French troops enter Mali’s Diabaly as Islamists vanish


NIONO, A unit of French and Malian armed forces with carriers and supply trucks geared north into the central Malian town of Diabaly early on Monday after the control of Islamist rebels abated, security sources said.

Diabaly, 350 km (220 miles) north of the capital Bamako, had harboured the main cluster of rebels south of the front-line towns of Mopti and Sevare until French airstrikes forced them to flee or attempt to blend in with locals, residents said.

The Malian Army was unable to usurp the area single handedly, which  prompted France to mobilize more than 2,000 troops on the ground and to call for West African nations to accelerate troop deployments to Mali. Islamist rebels gained control of the town – just 270 miles from the capital city of Bamako – only days after France intervened Jan. 11 to stem an ambitious rebel push southward to the town of Konna, in central Mali. Diabaly, with its relative proximity to Bamako, has since come to be viewed as a second frontline of a conflict that was originally envisioned as a limited air campaign to support Malian troops.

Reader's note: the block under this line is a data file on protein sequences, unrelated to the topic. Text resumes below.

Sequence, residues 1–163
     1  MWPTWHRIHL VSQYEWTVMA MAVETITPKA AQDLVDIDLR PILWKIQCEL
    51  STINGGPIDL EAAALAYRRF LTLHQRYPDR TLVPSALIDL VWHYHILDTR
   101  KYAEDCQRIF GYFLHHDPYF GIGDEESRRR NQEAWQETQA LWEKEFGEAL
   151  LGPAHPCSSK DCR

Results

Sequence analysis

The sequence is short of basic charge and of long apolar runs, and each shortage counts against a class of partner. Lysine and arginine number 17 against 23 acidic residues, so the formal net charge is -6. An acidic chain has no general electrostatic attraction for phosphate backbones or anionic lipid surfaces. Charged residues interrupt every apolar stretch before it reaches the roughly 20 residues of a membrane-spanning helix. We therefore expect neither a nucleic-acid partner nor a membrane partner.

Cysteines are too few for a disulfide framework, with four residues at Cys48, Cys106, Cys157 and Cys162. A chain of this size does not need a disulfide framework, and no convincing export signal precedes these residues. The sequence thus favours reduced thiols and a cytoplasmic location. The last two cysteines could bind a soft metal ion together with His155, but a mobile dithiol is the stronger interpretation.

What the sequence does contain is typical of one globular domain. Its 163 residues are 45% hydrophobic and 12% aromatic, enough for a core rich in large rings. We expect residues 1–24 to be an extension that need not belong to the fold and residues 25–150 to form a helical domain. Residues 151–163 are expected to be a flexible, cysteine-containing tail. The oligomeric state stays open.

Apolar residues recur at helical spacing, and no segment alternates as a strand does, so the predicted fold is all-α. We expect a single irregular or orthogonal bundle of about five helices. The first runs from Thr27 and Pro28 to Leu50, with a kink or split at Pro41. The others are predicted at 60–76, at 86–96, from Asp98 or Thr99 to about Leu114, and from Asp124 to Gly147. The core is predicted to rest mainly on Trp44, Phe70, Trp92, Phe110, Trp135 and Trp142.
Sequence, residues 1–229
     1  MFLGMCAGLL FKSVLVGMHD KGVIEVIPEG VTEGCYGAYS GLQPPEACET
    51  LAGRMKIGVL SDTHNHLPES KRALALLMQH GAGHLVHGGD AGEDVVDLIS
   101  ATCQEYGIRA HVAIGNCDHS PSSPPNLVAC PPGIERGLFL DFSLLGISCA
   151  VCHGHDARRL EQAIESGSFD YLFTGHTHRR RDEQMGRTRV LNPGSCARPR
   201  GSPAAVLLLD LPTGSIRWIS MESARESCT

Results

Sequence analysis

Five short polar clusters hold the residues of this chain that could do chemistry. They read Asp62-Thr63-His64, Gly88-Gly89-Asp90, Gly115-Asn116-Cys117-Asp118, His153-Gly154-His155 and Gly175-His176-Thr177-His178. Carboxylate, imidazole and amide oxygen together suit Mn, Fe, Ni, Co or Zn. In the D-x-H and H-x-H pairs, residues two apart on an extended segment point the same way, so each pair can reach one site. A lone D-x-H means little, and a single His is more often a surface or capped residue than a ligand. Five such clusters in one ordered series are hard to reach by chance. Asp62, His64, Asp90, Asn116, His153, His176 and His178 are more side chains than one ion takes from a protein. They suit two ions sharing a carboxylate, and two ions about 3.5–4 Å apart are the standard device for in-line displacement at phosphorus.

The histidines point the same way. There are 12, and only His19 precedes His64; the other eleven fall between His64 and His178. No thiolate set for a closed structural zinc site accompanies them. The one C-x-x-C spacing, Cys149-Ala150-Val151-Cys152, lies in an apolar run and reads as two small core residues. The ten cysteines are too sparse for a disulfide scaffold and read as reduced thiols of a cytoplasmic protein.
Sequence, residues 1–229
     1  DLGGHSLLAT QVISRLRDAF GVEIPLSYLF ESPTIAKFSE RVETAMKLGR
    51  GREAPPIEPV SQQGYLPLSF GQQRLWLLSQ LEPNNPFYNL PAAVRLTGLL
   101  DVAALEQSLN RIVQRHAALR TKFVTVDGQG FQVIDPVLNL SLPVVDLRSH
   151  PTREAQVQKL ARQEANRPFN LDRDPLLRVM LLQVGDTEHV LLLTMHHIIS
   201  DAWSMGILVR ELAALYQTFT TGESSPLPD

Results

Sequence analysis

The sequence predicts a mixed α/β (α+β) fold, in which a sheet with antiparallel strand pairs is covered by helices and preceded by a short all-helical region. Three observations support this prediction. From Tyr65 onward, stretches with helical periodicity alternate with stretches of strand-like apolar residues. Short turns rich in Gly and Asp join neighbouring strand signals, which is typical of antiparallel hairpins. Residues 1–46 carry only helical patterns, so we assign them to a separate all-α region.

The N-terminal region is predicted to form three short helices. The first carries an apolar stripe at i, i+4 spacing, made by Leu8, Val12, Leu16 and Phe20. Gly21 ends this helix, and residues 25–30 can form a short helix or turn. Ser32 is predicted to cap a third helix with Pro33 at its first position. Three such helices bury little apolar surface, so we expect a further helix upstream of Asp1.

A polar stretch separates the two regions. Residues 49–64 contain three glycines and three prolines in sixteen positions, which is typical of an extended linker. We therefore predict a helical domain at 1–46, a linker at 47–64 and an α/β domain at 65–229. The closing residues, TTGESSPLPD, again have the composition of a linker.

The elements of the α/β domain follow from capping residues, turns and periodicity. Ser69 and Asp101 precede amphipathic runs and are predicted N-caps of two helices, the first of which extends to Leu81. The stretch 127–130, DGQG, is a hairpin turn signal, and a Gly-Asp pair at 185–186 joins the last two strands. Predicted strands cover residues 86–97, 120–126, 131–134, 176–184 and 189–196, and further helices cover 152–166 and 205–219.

“French and Malian forces have advanced to Diabaly and they will continue their mission of securing the town,” the deputy commander of Malian forces in nearby Niono, who gave his name only as Captain Samasa, told Reuters. Another security source confirmed the information on condition of anonymity.